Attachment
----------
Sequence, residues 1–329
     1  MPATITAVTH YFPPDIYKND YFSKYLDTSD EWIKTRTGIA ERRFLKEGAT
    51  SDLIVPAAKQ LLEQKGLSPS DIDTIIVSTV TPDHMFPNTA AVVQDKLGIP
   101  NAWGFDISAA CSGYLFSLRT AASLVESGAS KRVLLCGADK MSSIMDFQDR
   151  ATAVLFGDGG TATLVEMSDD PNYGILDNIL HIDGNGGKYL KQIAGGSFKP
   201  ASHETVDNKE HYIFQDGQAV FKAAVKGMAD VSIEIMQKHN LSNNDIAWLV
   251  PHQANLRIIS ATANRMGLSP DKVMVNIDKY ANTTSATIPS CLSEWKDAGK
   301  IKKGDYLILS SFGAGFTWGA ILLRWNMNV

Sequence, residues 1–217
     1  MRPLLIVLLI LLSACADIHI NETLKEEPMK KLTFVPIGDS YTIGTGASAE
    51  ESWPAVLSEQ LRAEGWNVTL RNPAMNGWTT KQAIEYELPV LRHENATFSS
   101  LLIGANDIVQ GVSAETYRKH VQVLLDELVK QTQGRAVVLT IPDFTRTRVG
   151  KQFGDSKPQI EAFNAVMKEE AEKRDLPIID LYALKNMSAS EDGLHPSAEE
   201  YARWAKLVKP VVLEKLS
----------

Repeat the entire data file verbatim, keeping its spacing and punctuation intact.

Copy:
Sequence, residues 1–329
     1  MPATITAVTH YFPPDIYKND YFSKYLDTSD EWIKTRTGIA ERRFLKEGAT
    51  SDLIVPAAKQ LLEQKGLSPS DIDTIIVSTV TPDHMFPNTA AVVQDKLGIP
   101  NAWGFDISAA CSGYLFSLRT AASLVESGAS KRVLLCGADK MSSIMDFQDR
   151  ATAVLFGDGG TATLVEMSDD PNYGILDNIL HIDGNGGKYL KQIAGGSFKP
   201  ASHETVDNKE HYIFQDGQAV FKAAVKGMAD VSIEIMQKHN LSNNDIAWLV
   251  PHQANLRIIS ATANRMGLSP DKVMVNIDKY ANTTSATIPS CLSEWKDAGK
   301  IKKGDYLILS SFGAGFTWGA ILLRWNMNV

Sequence, residues 1–217
     1  MRPLLIVLLI LLSACADIHI NETLKEEPMK KLTFVPIGDS YTIGTGASAE
    51  ESWPAVLSEQ LRAEGWNVTL RNPAMNGWTT KQAIEYELPV LRHENATFSS
   101  LLIGANDIVQ GVSAETYRKH VQVLLDELVK QTQGRAVVLT IPDFTRTRVG
   151  KQFGDSKPQI EAFNAVMKEE AEKRDLPIID LYALKNMSAS EDGLHPSAEE
   201  YARWAKLVKP VVLEKLS